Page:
Magnetism

Magnets helped discover the world as we know it. Earth is like a giant magnet, and its steady pull spun the compasses that pointed explorers like Christopher Columbus across the oceans. Compasses powered navigation, turning the unexplored, ancient world into a modern globe people could understand.

Like gravity, magnetism is an invisible force that streams through our world. But while we can see gravity at work, magnetism is harder for people to detect. Animals find magnetism much more useful: the hidden lines of magnetic fields that bend around the Earth help creatures such as pigeons and turtles to find their way home.

Although magnets seem to push and pull things almost by magic, the strange things they do are actually powered by electrons spinning inside atoms. This is why magnetism is so closely linked to electricity, which is also driven by the movement of electrons. Working together, electricity and magnetism whirl the generators and motors that power almost everything in our modern world, from electric trains to vacuum cleaners.

Discovering magnetism

People discovered magnetism when they found rocks inside the Earth that naturally attracted things. Ancient Greek, Roman, and Chinese people realized they could make compasses by magnetizing needles with these rocks and suspending them over circles marked with directions.

Natural magnet

Lodestone (magnetite) is a naturally magnetic material made from iron oxide. Magnets get their name from Magnesia (now called Manisa, in Turkey), where lodestone was first discovered.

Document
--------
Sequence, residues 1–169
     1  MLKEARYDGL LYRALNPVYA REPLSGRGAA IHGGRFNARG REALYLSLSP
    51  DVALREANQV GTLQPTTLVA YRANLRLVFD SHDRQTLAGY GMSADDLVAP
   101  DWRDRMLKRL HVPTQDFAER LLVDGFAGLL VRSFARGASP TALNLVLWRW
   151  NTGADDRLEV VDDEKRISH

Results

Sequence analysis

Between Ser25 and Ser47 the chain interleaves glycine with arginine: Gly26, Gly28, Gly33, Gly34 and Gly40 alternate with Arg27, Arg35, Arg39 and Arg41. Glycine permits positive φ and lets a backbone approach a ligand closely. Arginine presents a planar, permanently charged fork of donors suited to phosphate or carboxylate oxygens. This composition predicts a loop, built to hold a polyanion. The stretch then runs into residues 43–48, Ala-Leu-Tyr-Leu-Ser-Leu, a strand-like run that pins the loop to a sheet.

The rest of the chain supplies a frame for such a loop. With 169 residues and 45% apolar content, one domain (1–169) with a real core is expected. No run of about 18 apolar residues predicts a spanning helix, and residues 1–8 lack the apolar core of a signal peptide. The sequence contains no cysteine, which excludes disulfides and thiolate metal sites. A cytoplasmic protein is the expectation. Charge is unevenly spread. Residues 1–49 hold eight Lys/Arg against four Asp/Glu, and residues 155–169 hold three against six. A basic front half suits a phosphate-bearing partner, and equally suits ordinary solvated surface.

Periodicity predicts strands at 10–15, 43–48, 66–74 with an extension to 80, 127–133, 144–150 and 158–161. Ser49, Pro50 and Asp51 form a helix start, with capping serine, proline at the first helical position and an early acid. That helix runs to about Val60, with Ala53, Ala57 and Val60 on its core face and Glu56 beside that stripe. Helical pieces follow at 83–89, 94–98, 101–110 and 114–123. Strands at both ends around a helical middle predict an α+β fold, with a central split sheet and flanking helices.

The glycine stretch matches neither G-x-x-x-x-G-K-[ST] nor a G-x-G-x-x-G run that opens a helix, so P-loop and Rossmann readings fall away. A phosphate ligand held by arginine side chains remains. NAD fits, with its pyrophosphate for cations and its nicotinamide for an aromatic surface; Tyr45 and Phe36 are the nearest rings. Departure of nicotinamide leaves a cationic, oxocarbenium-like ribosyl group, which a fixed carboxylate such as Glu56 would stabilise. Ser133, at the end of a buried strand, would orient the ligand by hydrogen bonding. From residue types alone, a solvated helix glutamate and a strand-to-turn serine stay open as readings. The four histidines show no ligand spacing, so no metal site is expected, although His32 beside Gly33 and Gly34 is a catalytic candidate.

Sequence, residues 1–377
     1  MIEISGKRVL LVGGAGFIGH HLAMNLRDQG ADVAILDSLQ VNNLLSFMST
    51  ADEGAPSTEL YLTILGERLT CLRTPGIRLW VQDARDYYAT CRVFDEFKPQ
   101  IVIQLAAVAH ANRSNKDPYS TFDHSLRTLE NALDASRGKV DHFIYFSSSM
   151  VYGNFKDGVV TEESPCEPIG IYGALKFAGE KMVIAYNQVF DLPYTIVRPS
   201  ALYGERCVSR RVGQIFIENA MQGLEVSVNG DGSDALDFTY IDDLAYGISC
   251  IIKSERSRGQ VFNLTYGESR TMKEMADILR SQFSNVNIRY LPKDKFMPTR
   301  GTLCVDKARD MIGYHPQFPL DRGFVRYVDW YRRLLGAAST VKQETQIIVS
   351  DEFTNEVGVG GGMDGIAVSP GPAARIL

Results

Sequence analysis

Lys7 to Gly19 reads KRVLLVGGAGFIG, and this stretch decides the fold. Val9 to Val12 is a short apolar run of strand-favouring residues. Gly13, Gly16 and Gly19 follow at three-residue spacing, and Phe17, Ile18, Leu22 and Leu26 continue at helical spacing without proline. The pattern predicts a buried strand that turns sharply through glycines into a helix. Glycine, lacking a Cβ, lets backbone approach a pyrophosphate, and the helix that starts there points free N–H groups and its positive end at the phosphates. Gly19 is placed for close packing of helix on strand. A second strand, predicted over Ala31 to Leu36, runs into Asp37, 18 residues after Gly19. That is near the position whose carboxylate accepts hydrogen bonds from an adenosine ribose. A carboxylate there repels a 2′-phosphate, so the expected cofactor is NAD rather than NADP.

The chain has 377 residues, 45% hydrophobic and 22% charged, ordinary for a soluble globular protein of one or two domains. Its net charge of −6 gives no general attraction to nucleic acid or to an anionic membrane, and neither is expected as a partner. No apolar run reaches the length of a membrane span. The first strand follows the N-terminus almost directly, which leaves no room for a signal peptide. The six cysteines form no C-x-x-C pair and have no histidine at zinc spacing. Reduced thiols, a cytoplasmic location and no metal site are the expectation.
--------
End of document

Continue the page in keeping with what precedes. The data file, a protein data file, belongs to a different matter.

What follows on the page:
Magnetic forces

Magnets have two different ends called poles, which they use to pull things toward them (attract) or push things away (repel). Although we can't see magnetism, we can watch its effects if we place two magnets close to one another. If the same ends (like poles) of two magnets are placed together, they repel. If opposite ends are placed together (unlike poles), they attract.

Attraction

When the opposite poles of two magnets approach each other, the magnetic field from the north pole of one magnet reaches out to the south pole of the other magnet. This pulls the two magnets together with an attractive force.

Repulsion

If two north poles or two south poles approach each other, their magnetic fields do not link together. This pushes the magnets apart with a repulsive force.

Magnetic materials

Most things that are magnetic are generally made from iron and its compounds or alloys (mixtures of iron with other elements). Magnets themselves are usually made from iron, nickel, cobalt, or other elements in the Periodic Table called the rare earth metals (especially neodymium and samarium).

Magnetic objects

Steel is an alloy of iron, and is used to make cans and paper clips. Some coins contain nickel.

Nonmagnetic objects

These objects don’t respond to magnetic fields or repel them. Plastics aren’t magnetic, nor are aluminum drink cans or brass instruments.

Electromagnetism

Electricity and magnetism are closely linked: each can create the other. British scientist Michael Faraday (1791-1867) was the first person to see how useful this could be. In 1821, he fed electricity into a wire and made it spin around a magnet, inventing the electric motor.

Ten years later, he showed that an electrical conductor moving through a magnetic field could make electricity, inventing the electricity generator. Faraday's work led to our modern world of electric power.

Magnetic field around a wire

When an electric current surges through a wire, it generates rings of magnetic field lines all around it. You can see this by placing a compass near a wire carrying a current. The bigger the current, the stronger the magnetism.

Magnetic field around a coiled wire

When a current flows through a coiled wire, it creates a more complex magnetic field. Each loop makes a field like a single wire and these fields combine, making an overall field pattern similar to one from a bar magnet.